What Should I Know About Acoustic Guitar Strings?
Acoustic guitars are hollow-bodied guitars that come with six or 12 steel strings and optional on-board electronic pickups. They should not be confused with their acoustic cousin, the classical guitar. Classical guitars require nylon strings and, lacking a supportive truss rod in the neck, cannot use the high tension steel-core strings engineered for acoustic guitars. Acoustic guitars are sometimes called acoustic steel-stringed guitars to make their distinction from classical guitars clear.
Acoustic guitar strings come in a handful of alloy ratios and gauges. The alloy ratio refers to the different metals that makeup the string, and the gauge of the string refers to its thickness or diameter.
Bronze strings are referred to as 80/20 strings, referring to their copper-to-tin (or zinc) ratio. These are bright sounding strings with a clear, ringing sound, but they are sometimes criticized for losing their brightness after a short initial period. Not requiring as much tension, they have a softer feel.
Phosphor-bronze strings are 92% copper and 8% tin (or zinc), are corrosive-resistant, and tend to last longer than standard bronze with a brassier sound. While stiffer than 80/20s, these strings are probably the most popular strings.
Brass strings are 85/15 strings, thought by some to fall between the above two types of strings in terms of sound. These strings are also well-liked, though you might find them more sensitive to skin oils.
Acoustic guitar strings are made in various diameters or gauges: extra super light, super light, light, medium, heavy, and extra heavy. Lighter gauge strings are thinner, easier to press to the fretboard for improved playability, and are generally preferred by pickers who need to bend notes easily and work the strings. Heavier gauge ones are louder, fuller, stiffer and require more strength and skill to play, but deliver a larger, brighter sound, preferred for strumming. Medium gauge strings fall down the middle, with some advantages of each of the other two categories. The player's style and skill level will likely determine which gauge suits him or her best, but beginners and those with 12-string guitars should opt for lighter strings.
Silk and steel acoustic guitar strings are yet another choice. These strings can have silk cores wrapped in steel, or steel cores wrapped in silk, then wrapped again in steel. Silk and steel strings combine some of the mellower attributes of classical guitar strings, to produce a hybrid string with a distinctive melodic sound. Silk and steel strings do not put as much tension on a guitar neck as steel strings, so a neck adjustment might be in order when switching to these strings, particularly if switching from medium or heavy gauge strings. Aside from those who simply prefer the sound of silk and steel, beginners might find that silk and steel strings are friendlier than other options.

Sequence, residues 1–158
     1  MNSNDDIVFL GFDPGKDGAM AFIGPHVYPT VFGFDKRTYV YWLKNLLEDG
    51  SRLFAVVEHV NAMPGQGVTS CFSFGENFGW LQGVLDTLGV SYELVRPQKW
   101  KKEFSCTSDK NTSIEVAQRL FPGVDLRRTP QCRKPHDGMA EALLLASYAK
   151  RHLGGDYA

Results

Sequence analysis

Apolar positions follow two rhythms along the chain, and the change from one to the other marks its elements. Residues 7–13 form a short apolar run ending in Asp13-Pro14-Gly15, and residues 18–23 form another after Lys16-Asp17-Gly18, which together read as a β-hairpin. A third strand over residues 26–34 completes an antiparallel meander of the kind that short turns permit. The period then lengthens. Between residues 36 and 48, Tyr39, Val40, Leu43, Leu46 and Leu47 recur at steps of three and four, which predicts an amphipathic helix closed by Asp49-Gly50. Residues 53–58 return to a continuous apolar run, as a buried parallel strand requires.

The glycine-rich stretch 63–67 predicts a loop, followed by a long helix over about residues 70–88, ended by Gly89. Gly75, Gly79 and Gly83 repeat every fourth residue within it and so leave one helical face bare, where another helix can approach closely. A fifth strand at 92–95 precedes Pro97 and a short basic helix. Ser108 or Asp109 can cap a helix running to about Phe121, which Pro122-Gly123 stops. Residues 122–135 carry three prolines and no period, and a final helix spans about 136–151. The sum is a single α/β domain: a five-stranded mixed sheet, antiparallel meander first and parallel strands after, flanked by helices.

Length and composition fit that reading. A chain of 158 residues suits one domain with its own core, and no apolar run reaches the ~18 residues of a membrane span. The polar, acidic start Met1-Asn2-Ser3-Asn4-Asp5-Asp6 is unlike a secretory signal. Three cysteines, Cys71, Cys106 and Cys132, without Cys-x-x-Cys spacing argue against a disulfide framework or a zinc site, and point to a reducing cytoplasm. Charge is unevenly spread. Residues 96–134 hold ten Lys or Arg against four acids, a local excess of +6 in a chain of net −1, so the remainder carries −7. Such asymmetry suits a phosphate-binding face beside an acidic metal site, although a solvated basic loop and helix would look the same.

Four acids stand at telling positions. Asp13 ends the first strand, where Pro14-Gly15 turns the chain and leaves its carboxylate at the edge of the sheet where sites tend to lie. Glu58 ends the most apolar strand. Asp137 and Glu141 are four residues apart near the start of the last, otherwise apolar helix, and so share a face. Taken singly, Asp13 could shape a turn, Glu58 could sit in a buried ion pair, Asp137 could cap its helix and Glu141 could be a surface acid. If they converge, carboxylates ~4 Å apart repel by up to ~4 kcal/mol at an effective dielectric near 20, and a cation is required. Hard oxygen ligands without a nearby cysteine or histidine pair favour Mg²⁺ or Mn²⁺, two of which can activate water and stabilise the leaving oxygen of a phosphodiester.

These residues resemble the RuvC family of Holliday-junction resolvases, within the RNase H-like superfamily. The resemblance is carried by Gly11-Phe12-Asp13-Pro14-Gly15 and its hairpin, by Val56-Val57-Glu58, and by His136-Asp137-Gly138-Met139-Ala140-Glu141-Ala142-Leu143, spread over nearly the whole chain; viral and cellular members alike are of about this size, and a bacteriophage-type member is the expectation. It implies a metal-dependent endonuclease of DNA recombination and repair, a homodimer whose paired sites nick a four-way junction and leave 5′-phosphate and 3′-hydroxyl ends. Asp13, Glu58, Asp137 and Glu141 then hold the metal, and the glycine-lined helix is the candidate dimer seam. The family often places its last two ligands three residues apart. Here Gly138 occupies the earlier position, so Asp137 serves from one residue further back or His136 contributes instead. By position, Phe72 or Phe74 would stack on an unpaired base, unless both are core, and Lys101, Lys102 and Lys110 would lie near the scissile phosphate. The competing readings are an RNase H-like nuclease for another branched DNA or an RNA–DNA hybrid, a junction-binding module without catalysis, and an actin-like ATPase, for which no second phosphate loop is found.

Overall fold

Pickups used in acoustic guitars are transducers, rather than electromagnetic pickups like those used in electric guitars. Transducer pickups magnify sound by picking up vibrations from the soundboard and bridge, so acoustic strings do not require magnetic properties. Bronze and brass strings are not used on electric guitars because these alloys can’t be "heard" by electromagnetic pickups. Instead, electric guitars use strings made of stainless steel and nickel, or metals that have significant magnetic properties. Of the strings designed for electric guitars, some people use pure nickel strings on acoustic guitars, which have a smoother feel than bronze or brass strings.
Bronze strings can be used on an electric guitar.
I bought a washburn steel string with bronze cover for my acoustic guitar yesterday and I tried it, but as I used it I was so disappointed because it is so hard to tune. It's so sensitive when I turn the tuning pegs. What kind of strings can you recommend for acoustic guitars?
80/20 and 85/15 guitar strings are both brass (copper + zinc) but are inaccurately referred to by guitar string manufacturers as various types of bronze (80/20 bronze, bright bronze, vintage bronze, etc.) - they rarely use the term brass for some reason. Technically speaking, 80/20 is called "low brass" and 85/15 is called "rich low brass." Phosphor-bronze is phosphorus + bronze (copper + tin) - usually 92 percent copper and close to 8 percent tin with 1 percent or less phosphorus.
Many older acoustic guitars does not have truss rod adjustment. The guitar is done once the neck warps.
@klow - Guitar players should also make sure to have the action on the neck of a frequently used guitar adjusted every few years to prevent this type of warping from happening. Most music stores or luthiers offer this service.
Once you've settled on a preferred size/gauge string, it's best not to change from them often, as the different levels of tension produced by different sizes of string can have a warping effect on the guitar's neck. This can cause a guitar's tone to lose brightness and can even warp pitches, making the guitar sound out of tune over a long period of time.
Bronze is a copper and tin, whereas brass is copper and zinc; they are not interchangeable. So 80/20 bronze is 80 percent copper, 20 percent tin. if it were 20 percent zinc then it would be 80/20 brass.
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